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The Byrds / Curt Boettcher / Gary Usher | Preflyte / California: Passionfruit / Add Some Music To Your Day (Poptones)
What a magic swirling ship the Poptones label has become. Someone for sure would reissue the Byrds demos but the Beach Boys related Passionfruit and Add Some Music are a wacky surprise. The Byrds demos are worth investigating despite their period simplicity (it mostly sounds Mersey Beat) and demo quality. Of the tunes featured here which they later recorded for CBS only I Knew I’d Want You could be seen as the better version. It has an almost mediaeval sparseness in its arrangement and the guitars are picked rather than strummed. Crosby’s overarching harmony voice at the top is beautiful. Yet to any Byrds fan the little differences in the vocal constructions of all the versions are enjoyable. They were always great singers. Of course their subtle instrumentation took a little working out and maybe the odd session-man to set the standard. The early Tambourine Man has an awkward bassline although Hillman’s part on the Chuck Berry like Boston really swings and shows a man on top of rock’s heritage if not sure yet of its future – folk rock perhaps. The rhythm guitar also has an over obvious Searchers style presence at times, all twangy beginner’s guitar chords very in your face but heck, it was a long time ago and how many other rock groups’ work from 1964 has, overall, this much charm? The first release of this album in 1969 was organised by the Byrds famous producer, Brian Wilson buddy and collaborator, and general West Coast Mr. Somebody, Gary Usher. California, aka the Legendary Masked Surfers, aka California Music was a loose collective of West Coast musos originally formed by Bruce Johnson, Terry Melcher and Gary Usher, usually featuring Jan and Dean, Curt Boettcher and Brian Wilson. Little was released and eventually only Boettcher and Usher remained and California Passionfruit (credited here to Boettcher) is the unreleased fruit of their endeavours. Both this and the Usher album are surely releases to capitalise on the enormous market for everything Beach Boys related. Otherwise Passionfruit is radio 2 circa 1973, Saturday night TV Summer Special material or music suitable for a late middle-aged gay suburban garden cocktail party. Most of the singing features high androgynous voices with multiple layers of harmony. The songs’ style is bright and sunny, sometimes Latin tinged but frequently Caribbean flavoured and most feature a disco beat. Although Boettcher had been involved with some quite hip harmony groups like The Association and himself played in even hipper groups, by the early 1970s he was happily working as a disco producer. Like the rest of his gang, and a large part of American society, Boettcher was, in the early 1970s, gazing nostalgically back to that version of 1950s America portrayed in Happy Days and American Graffiti. Thus we are presented with several old tunes, Western and Caribbean, that your mother may know but your grandmother definitely will; Iko Iko, Jamaica Farewell, Music Music Music etc. Yet for determined must- have collectors little nuggets of joy soon emerge; California Music is an articulate, fast guitar study with clever layers of vocal harmony that eventually dissolves into a slick slinky 70s guitar and feels like we’re on an exciting night flight to an exotic location. Better still is the interpretation of the Beatles The Word (which has an easy disposition to having a disco stomp beat) which has nice staggered drum passages and chorus harmonies that sound like the Fifth Dimension at their wonderful best. In 1969 Gary Usher used the famous LA Wrecking Crew and the LA Symphony Orchestra on Add Some Music To Your Day in the hope of raising the stature of his friend Brian Wilson to that of a Gershwin, of a great American C20 Artist and also to launch his own new Together Records into the easy listening market. Again Boettcher (along with Keith Olsen) helped with the venture. Again unreleased. It is an entirely orchestral work, dignified, gracious even, serious and focused and with no jarring edges. It takes very little liberty with the original tunes and certainly doesn’t take the music into wholly modern styles, which was attempted with varying degrees of success on the recent Marina album Caroline Now! Upon seeing a medley title like Fall Breaks/Good Vibrations/Heroes and Villains you may expect a heady musical excursion to a Disneyfied magical Wilson World but Usher settles for a sequence of the gentlest parts of those three songs. Nothing to upset the vicar. It is however done with some style, some imagination. It is clever and involving - elevator music it ain’t. The Warmth of the Sun has a Michel Legrand Summer of ’42 style and Busy Doin’ Nothin’ feels like Jobim. Which is nice. In My Room has the deepest resonance of all and leaves you feeling sage and settled. Who’d have thought?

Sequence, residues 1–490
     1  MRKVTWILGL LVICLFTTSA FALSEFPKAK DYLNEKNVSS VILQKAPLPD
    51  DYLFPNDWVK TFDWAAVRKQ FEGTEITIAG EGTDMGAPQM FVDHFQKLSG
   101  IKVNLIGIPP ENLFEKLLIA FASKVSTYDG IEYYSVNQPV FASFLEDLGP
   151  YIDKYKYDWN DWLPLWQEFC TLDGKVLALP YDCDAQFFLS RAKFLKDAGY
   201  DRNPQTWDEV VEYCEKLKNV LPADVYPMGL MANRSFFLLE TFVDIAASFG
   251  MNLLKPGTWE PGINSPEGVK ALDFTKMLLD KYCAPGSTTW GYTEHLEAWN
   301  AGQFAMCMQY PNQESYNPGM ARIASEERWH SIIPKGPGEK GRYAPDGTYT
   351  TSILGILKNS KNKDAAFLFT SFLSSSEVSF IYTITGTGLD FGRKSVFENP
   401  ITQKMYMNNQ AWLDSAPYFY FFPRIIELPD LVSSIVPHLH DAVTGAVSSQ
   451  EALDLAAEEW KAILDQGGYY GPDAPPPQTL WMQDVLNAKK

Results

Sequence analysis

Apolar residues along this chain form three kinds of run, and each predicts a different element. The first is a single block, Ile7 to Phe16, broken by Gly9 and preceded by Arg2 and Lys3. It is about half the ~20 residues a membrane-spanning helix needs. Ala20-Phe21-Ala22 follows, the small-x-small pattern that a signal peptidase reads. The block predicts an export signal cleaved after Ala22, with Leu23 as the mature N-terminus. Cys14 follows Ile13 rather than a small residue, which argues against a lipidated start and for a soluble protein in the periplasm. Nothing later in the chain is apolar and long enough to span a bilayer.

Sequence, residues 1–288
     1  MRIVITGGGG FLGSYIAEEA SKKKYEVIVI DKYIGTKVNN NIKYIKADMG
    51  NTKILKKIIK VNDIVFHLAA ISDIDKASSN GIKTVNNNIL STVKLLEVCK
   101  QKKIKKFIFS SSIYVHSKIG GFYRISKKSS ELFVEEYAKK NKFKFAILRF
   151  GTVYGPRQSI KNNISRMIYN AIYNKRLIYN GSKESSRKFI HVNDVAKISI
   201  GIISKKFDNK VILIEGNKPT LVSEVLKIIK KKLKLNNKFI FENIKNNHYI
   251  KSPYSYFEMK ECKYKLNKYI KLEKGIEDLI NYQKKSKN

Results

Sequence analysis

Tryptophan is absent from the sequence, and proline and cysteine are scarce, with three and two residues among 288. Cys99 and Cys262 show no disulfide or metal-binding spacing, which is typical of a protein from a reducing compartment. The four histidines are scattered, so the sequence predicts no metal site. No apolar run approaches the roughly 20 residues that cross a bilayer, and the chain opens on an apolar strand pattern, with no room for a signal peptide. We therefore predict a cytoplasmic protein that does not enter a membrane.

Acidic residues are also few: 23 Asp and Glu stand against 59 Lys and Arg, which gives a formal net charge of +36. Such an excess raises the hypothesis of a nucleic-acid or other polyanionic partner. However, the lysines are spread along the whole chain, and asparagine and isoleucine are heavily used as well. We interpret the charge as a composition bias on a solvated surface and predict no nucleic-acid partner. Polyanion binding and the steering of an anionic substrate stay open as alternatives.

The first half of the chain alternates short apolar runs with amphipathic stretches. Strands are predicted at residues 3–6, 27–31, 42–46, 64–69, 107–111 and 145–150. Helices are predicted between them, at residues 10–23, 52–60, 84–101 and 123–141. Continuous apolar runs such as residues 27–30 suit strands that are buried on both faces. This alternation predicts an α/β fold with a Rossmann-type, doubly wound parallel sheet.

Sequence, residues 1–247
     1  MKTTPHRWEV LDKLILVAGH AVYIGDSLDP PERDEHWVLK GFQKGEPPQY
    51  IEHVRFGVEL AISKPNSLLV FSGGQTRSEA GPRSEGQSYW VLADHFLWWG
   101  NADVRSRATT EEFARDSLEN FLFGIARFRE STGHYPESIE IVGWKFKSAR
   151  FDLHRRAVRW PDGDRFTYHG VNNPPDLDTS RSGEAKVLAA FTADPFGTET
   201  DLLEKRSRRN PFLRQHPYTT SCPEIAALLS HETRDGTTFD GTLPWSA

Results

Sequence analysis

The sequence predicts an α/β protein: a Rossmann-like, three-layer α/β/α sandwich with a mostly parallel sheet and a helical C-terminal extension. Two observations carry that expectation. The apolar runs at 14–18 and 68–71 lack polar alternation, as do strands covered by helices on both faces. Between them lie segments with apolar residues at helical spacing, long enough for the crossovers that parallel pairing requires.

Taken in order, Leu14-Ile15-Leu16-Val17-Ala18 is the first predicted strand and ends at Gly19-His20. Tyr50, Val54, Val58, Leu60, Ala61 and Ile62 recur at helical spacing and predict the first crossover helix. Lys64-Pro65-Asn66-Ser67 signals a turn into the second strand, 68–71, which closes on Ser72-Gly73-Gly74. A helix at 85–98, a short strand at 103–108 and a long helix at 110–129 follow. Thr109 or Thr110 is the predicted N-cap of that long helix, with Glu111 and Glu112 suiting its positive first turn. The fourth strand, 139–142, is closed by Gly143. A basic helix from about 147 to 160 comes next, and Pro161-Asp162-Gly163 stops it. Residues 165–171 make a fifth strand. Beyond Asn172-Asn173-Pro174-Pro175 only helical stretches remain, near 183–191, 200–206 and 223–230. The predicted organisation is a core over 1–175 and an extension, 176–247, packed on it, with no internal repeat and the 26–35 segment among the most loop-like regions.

Stephen Ridley
CWAS #8 - Summer 2001

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